Featured in Vallarta Lifestyles Magazine, Winter/Spring 2009 issue.

Should you suddenly find yourself in the midst of a highbrow conversation about Mexican art, here are five names that may come up and the reasons why they might.

Diego Rivera (1886-1957)


Along with Jose Clemente Orozco and David Alfaro Siquerios, Rivera created the Mexican Muralist Movement in the early part of the 20th century, a significant achievement worldwide in public art development. Among his wealthy patrons, Abby Aldrich Rockefeller convinced husband John D. to commission a mural for the Rockefeller Center in New York City, which was near completion in 1932. But the mural offended many, due to the inclusion of Soviet leader Vladimir Lenin, and was demolished prior to completion.

Frida Kahlo (1907-1954)


A freak bus accident during her teens left this internationally acclaimed artist bedridden for most of her adult life. But this tragic incident would define the course of her destiny. As she recovered from fractures of her back, ribs, collarbone and pelvis, damage to her reproductive organs, and shoulder and foot injuries, she began painting to occupy her time. Many of her works symbolically depict her psychological and physical wounds. She didn’t reach international recognition until many decades after her death, during the 1980s artistic movement known as NeoMexicanism.

José Clemente Orozco (1883-1949)


Along with Diego Rivera, Orozco was heavily influenced by Jose Guadalupe Posada’s satirical engravings, often stopping to watch him work at his shop on the way to the famed San Carlos Academy in Mexico City, where Mexico’s most influential 20th-century artists received their education. A tireless traveler, he spent several years living and working in the United States, where one of his most famous murals, The Epic of American Civilization, was painted at Dartmouth College, New Hampshire, between 1932 and 1934, spanning almost 3200 square feet (300 m2).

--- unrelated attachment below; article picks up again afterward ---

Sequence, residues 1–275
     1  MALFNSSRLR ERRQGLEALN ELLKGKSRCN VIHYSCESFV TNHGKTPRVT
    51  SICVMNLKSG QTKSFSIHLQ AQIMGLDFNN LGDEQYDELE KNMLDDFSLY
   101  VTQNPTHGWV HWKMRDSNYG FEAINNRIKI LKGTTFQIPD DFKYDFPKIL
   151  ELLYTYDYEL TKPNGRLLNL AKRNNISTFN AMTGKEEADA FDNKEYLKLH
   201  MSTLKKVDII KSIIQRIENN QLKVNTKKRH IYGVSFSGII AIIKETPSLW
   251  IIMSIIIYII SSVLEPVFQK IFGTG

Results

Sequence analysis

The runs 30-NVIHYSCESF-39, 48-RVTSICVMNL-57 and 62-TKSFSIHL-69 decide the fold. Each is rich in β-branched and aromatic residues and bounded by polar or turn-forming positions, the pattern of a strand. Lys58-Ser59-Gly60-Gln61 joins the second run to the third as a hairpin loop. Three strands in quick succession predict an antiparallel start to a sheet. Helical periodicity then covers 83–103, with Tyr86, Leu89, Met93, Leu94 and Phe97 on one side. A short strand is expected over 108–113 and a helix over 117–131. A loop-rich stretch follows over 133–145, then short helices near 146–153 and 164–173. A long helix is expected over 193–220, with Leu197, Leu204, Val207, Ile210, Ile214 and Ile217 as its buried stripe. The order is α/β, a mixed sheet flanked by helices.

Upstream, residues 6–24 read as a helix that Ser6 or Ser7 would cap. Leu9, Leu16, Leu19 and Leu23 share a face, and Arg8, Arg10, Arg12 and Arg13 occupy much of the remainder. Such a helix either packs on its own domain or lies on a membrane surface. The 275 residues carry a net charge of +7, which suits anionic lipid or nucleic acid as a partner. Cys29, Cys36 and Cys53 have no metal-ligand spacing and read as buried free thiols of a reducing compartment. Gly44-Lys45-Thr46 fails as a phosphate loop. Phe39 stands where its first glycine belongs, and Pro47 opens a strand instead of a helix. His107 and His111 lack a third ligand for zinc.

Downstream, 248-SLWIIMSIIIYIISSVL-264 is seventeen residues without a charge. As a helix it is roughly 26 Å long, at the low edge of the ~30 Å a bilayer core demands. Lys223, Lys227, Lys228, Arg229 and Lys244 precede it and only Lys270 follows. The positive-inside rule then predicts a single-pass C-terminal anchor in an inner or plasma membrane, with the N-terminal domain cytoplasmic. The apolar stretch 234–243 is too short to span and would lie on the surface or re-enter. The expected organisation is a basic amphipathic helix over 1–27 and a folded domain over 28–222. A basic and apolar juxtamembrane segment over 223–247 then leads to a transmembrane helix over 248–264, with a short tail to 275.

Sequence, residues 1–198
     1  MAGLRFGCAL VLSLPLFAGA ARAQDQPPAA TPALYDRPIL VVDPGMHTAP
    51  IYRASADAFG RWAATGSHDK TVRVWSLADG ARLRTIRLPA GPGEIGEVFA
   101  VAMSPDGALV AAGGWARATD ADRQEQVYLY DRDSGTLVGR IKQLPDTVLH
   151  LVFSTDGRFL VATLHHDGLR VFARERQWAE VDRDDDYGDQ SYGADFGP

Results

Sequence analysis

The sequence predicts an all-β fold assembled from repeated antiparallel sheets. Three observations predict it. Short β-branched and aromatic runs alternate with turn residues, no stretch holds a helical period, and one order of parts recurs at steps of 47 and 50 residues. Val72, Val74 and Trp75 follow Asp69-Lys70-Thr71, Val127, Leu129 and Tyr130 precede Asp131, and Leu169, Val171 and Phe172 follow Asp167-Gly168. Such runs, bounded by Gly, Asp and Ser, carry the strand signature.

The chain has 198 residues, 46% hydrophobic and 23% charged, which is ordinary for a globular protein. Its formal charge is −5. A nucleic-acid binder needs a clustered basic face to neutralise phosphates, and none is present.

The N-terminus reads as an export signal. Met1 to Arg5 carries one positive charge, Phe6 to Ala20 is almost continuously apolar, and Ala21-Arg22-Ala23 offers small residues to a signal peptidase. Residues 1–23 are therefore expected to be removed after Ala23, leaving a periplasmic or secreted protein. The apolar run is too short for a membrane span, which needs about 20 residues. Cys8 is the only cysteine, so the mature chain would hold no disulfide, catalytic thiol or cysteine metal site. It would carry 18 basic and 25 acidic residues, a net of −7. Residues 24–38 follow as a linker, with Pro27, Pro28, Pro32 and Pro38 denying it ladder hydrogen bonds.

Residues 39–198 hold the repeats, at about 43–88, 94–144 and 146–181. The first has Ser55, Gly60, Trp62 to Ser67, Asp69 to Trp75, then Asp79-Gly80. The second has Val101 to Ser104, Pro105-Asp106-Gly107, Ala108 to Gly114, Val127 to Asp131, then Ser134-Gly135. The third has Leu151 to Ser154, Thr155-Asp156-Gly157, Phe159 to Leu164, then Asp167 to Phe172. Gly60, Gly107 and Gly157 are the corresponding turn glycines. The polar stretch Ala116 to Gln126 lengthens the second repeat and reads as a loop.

Rufino Tamayo (1899-1991)


Tamayo pioneered a printing technique called “mixografia,” in which artwork is printed on paper, but with added depth and texture. Often tagged as a traitor to the prevailing socialist views shared by other artists of his time, such as Orozco and Rivera, he spent many years living abroad, spending extended periods of time in New York City and Paris. One of his paintings, “Tres Personajes,” painted in the 1970s and stolen over 20 years ago, was miraculously found on a New York street by New Yorker Elizabeth Gibson while she was out for a coffee run. It was subsequently auctioned by Sotheby’s during their fall 2007 sale of Latin American Art, fetching a whopping $1,049,000 USD.

David Alfaro Siqueiros (1896-1974)


An artist who was occupied by both artistic and militant pursuits throughout most of his adult life, Siqueiros actually believed that both should be intertwined. As early as age 15, he was involved in student strikes at the San Carlos Academy. Subsequent political subversion even led to incarceration and a period of self-exile from Mexico. One of his most renowned murals was produced at Mexico City’s National University, one of the few educational institutions worldwide to be deemed a World Heritage Site by UNESCO.